Foursquare. It is social, mobile, skews young, international, and sits on a trove of data that can help Yahoo! personalize its content and create more targeted ads. It’s cool to shit on foursquare now, but I still think it is a great service. First of all, the design is awesome. Both beautiful and functional. More importantly, it sucks up an enormous amount of data through checkins and all the companies that use its API. It is the most used local API, powering companies like Instagram and Uber. I consistently find great places to visit and eat at through the explore feature. It’s like guided serendipity and frequently makes my night better than it would have been otherwise. foursquare is like my cool friend who has been everywhere in town and knows exactly what to do to have a great time. That’s a level of trust I have with maybe a handful of apps. Yahoo! is seen more as a crazy uncle is missing that type of emotional resonance. People only use Yahoo! out of habit, not out of passion. There is also a chance for deep integration with flickr, giving the fledgling service a bump. Now is the time for Yahoo! to pounce on the great hope of the NYC tech scene, before they can gain any momentum from their disappointing debt
I’m jonesing for fantasy football so I’m going to play Fantasy CEO. I’m drafting Yahoo! Let the games begin!
I really like what Marissa Mayer has done so far. She has defined a mission of focusing on personalization and user’s daily, mobile habits. She has for the most part, focused on moderate acquisitions of mobile-leaning companies with slick designs. Combined with some of the properties she has inherited, these new acquisitions give Yahoo! the pieces to form a formidable platform and destination site. They have tons of content between their original work, syndicated partnerships, and tumblr. They have lots of ways of monetizing through their vast ad inventory. The one thing they’re missing is a social component — a way to collect all this content to spread and consequently demand more money from ads.
I have 3 ideas for who they should buy, one of which is obvious so I’ll start with that one tomorrow.
The more and more I read, the more and more I realize how important it is to write. Not because writing is a romantic notion, full of stereotypes perpetuated by writers, but because writing makes you a better thinker. Writing is the knife that shapes the wood of thought.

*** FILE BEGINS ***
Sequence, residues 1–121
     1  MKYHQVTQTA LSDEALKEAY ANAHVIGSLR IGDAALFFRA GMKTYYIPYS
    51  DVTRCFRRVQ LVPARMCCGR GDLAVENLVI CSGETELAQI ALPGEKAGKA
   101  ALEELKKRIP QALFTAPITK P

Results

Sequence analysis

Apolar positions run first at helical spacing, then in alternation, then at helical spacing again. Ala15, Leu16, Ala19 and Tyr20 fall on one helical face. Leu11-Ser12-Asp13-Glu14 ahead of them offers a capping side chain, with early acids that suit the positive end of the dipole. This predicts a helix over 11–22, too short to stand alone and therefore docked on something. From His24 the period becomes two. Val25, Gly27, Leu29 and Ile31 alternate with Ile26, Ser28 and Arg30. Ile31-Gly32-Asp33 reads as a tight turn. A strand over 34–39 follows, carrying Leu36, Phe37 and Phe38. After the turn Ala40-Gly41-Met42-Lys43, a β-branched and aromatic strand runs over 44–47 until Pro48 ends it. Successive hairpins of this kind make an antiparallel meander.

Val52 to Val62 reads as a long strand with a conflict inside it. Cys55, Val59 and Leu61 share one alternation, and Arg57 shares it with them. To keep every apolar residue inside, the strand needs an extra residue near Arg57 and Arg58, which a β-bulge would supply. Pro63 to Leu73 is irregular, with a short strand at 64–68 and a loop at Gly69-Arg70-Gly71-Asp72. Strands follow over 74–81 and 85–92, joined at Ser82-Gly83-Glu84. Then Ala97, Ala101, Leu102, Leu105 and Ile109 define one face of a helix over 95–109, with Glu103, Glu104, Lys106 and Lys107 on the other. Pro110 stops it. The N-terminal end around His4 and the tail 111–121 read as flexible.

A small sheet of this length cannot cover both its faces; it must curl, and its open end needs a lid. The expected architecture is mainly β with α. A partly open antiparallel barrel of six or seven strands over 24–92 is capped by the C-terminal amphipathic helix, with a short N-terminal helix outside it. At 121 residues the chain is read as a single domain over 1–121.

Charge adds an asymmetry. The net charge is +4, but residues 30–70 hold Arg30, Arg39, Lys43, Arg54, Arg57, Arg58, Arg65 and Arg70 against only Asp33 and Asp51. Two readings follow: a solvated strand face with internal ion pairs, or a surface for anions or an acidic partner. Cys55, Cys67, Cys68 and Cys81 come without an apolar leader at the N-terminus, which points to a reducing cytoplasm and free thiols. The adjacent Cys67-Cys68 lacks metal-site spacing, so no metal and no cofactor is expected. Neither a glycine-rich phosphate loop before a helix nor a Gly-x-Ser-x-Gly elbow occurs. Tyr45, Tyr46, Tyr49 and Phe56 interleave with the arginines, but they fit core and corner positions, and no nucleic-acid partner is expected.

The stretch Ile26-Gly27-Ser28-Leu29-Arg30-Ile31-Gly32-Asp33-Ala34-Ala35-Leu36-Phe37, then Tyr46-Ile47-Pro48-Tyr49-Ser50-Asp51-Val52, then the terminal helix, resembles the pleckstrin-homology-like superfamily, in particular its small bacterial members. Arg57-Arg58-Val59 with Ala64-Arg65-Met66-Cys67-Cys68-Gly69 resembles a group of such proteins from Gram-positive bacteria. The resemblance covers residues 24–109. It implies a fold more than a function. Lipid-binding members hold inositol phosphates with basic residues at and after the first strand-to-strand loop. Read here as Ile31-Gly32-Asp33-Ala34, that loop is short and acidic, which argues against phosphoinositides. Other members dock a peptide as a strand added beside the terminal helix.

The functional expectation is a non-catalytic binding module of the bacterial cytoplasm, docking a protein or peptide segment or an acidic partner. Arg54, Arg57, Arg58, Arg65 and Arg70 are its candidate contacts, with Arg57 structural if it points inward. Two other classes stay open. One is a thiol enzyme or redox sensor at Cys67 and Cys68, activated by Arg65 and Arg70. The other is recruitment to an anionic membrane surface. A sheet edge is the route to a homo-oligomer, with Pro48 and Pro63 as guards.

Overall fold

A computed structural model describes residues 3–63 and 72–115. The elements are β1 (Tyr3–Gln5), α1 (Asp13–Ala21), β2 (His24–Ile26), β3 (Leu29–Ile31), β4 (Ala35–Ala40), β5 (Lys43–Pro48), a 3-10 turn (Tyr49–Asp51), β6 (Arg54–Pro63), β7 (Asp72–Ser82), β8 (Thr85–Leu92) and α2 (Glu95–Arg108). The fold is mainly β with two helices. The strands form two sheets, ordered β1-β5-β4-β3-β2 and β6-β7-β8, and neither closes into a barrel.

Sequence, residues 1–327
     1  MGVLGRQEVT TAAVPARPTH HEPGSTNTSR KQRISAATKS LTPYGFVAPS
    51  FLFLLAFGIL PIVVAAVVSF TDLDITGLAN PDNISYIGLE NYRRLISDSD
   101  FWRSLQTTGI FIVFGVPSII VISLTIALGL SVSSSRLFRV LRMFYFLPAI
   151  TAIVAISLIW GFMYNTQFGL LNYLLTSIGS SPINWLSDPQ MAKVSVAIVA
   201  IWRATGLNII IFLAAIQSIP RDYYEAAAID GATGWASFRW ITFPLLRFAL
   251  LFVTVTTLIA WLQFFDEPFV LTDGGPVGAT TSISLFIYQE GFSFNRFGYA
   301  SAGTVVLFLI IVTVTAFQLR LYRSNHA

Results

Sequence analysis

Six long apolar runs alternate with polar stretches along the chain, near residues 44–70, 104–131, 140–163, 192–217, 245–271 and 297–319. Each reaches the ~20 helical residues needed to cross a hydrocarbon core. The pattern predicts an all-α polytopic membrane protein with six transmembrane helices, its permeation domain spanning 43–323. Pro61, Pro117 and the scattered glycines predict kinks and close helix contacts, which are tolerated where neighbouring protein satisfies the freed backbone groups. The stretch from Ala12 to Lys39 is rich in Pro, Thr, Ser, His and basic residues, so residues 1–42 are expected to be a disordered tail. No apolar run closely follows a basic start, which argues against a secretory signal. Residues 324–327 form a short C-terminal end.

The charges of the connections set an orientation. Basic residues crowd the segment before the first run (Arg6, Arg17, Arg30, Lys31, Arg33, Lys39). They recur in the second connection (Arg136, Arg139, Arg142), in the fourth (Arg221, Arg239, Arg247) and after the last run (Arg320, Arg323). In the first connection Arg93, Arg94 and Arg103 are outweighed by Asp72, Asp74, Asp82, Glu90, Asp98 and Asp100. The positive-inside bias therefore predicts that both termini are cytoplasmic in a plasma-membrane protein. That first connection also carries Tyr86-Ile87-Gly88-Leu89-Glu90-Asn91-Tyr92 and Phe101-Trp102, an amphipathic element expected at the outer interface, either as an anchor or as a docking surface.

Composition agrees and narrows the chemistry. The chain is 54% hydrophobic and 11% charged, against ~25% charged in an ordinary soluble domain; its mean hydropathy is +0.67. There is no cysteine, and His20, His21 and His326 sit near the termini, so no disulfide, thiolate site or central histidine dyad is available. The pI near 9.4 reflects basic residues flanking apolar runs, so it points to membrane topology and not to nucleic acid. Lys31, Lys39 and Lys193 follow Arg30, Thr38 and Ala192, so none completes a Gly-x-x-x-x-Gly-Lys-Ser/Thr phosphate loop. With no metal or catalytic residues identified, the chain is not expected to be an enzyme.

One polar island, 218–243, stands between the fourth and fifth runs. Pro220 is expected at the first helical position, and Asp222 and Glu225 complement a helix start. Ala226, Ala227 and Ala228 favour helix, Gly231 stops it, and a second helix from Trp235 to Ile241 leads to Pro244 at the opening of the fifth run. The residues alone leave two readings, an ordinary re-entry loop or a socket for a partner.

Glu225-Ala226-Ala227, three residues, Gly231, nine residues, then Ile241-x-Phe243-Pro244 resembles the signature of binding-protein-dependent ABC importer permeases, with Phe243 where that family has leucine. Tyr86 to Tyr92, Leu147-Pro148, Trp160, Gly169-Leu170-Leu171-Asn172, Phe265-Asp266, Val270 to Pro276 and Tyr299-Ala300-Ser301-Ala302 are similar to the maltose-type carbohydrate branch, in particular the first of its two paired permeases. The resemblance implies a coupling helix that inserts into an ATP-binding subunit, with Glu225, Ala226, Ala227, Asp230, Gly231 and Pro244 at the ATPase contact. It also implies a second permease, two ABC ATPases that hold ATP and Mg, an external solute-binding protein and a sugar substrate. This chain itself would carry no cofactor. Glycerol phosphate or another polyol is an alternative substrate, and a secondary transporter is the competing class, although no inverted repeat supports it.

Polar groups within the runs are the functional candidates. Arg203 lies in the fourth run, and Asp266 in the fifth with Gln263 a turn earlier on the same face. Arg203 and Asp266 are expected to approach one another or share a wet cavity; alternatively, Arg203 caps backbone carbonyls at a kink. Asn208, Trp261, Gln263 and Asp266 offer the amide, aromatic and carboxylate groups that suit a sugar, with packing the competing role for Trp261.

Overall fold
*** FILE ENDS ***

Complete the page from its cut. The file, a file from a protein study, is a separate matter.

My mom taught English as a Second Language so I have been around some advanced ideas concerning why we use language, what we use it for, and how it affects our lives. I’ve known for a long time that words have no inherent meaning. I had the realization that all language is symbols and containers that can be filled with anything. Thinking that ways has made it ok to put little thought into what I say if I think the situation warranted it. I find myself doing that often since I almost always think of glib replies to interactions before I think of anything else.
But it’s been very silly for me to think like this especially since I ponder so much about culture, which is ultimately about how groups of people create meaning in their life.
Since I’ve started to meditate diligently, I’ve noticed that I have the same thought-loops over and over, and these habitual thought-loops can trigger or amplify certain feelings in me. I now truly know the effect my words have on my feelings and actions. That is why for now on I am going to be more considerate of my words and commit to articulating my thoughts on a consistent schedule.
Let’s put ourselves in the undergraduate student’s position. Someone eighteen years old, embarking on an academic career, might well ask: Will this world welcome me, welcome my potential abilities? Or am I being trained for a life on a hamster wheel? Is my value simply the value of a hamster that can run, a bioform for the Matrix to plug into and extract my essence for the benefit of a larger machine? Is this world full of possibilities, is it asking me to contribute, welcoming my contribution, valuing me for the things known and unknown that I may one day be able to contribute? Or am I being wronged from the start, treated as a “customer,” which all too often means, alas, someone to fleece?
Is the world full of smart and welcoming adults who are interested in what I have to say, encouraging me to work hard and learn and try things, or is it full of thieves and charlatans who are out to rip me off and saddle me with debt and enslave me before I even get a chance to start my adult life??
Let’s consider this from the educator’s point of view, as well. Doesn’t the quality of a culture rely in part on a deep, dynamic interaction between those who are adults now, and those who will be soon?…
Let me suggest that it’s not the young workers who are being trained wrong. It’s the bosses. The ever-wise Maria Bustillos envisions the future of education in the age of MOOCs, advocating for instilling in young people a desire to find their purpose rather than slave away at work. (via explore-blog)
(Source: , via explore-blog)
"As books became cheaper, more portable, and therefore more desirable, they expanded the market for all publishers, heightening the value of literacy still further."
"That is what real revolutions are like. The old stuff gets broken faster than the new stuff is put in its place. The importance of any given experiment isn’t apparent at the moment it appears; big changes stall, small changes spread."
"When we shift our attention from ‘save newspapers’ to ‘save society’, the imperative changes from ‘preserve the current institutions’ to ‘do whatever works.’ And what works today isn’t the same as what used to http://www.shirky.com/weblog/2009/03/newspapers-and-thinking-the-unthinkable/